There is exciting news on the open government front. The D.C. government is taking strides toward improving its open meetings law. As we journalists know, openness and transparency are essential elements of a democracy.
Kudos to D.C. Pro board member and media attorney Bob Becker, who helped work on the new bill, representing SPJ. He prepared the following account:
D.C. City Councilmember Muriel Bowser (Ward 4) introduced a bill March 16 to replace the city's antiquated, ineffective open meetings statute. Councilmember Kwame Brown (at large) co-sponsored the bill, and members Yvette Alexander (Ward 7), Marion Barry (Ward 8), Michael Brown (at large), David Catania (at large), Jim Graham (Ward 1), Vincent Gray (Chairman), Harry Thomas (Ward 5) and Tommy Wells (Ward 6) were co-introducers.
The bill would require the City Council and all boards and commissions made up of elected or appointed officials to meet in public for most purposes. Exemptions permit secret deliberations by bodies performing quasi-judicial functions, to preserve the attorney-client privilege or protect proprietary information, to discuss personnel matters, contract negotiations, anti-terrorism measures, academic testing, award nominations, student discipline, ongoing investigations, and training sessions.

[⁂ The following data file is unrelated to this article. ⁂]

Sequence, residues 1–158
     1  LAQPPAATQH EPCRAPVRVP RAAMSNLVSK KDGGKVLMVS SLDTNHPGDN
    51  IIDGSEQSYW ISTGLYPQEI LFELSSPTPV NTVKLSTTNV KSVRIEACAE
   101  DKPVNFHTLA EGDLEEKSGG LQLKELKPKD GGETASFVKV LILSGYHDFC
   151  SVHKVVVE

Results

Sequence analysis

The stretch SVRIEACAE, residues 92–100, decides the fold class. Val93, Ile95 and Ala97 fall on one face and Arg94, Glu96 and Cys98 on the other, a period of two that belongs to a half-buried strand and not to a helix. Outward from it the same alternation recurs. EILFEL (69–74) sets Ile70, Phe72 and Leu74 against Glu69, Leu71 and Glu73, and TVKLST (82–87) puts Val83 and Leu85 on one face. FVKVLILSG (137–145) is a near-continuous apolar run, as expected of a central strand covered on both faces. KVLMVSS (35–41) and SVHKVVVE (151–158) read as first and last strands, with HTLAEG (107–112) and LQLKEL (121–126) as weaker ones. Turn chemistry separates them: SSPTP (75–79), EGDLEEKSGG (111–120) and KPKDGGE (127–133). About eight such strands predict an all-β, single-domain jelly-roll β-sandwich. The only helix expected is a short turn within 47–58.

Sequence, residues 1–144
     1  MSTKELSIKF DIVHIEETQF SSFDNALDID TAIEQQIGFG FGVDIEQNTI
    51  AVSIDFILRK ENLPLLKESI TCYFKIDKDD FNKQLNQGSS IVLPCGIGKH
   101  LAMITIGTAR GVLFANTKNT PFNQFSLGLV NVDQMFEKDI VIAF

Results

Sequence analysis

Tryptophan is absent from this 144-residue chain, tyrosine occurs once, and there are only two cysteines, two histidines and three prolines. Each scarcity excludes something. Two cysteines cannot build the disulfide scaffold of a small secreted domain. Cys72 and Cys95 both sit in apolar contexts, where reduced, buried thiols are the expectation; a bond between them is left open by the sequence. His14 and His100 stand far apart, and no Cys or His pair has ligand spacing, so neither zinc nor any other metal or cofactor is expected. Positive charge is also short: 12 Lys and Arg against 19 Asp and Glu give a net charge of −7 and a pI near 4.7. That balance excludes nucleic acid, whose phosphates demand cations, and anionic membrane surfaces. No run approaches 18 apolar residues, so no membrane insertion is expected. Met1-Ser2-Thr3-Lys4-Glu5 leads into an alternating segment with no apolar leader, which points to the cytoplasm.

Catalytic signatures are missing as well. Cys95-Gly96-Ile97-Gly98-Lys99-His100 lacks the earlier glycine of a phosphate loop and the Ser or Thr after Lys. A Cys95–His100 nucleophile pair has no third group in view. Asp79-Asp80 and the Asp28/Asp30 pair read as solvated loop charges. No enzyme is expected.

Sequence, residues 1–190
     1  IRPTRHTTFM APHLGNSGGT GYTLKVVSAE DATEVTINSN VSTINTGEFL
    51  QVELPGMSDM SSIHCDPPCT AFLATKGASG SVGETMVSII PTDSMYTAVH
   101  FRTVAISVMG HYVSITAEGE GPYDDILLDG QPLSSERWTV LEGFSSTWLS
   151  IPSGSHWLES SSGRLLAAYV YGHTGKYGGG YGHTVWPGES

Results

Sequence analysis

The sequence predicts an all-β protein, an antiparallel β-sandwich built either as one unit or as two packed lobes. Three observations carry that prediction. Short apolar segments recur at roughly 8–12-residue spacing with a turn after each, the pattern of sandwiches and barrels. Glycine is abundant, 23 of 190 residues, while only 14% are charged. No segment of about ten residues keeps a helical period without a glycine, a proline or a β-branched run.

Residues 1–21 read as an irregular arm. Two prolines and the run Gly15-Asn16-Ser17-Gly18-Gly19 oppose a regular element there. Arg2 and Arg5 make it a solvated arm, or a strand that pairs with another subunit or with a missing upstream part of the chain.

The bill sets standards for giving the public notice of upcoming meetings and agendas, procedures for going into secret session, and for reporting what occurred behind closed doors. The city's existing two-paragraph open meetings statute permits agencies to conduct virtually any business in closed session so long as members return to open session to vote.
Bowser's bill must be referred to the Council's Government Operations Committee chaired by Mary Cheh (Ward 3) for a hearing. Because 2010 is an election year in Washington, the Council would have to vote on the measure by early July to ensure passage before the September primary election. Unless it is passed by then, enactment may have to wait until the next Council session beginning in January. This would be especially true if the makeup of the Council is likely to change after the November election.
The D.C. Pro chapter and the D.C. Open Government Coalition assisted Bowser's staff in drafting the bill, which is very similar to one former Councilmember Kathy Patterson introduced in 2006.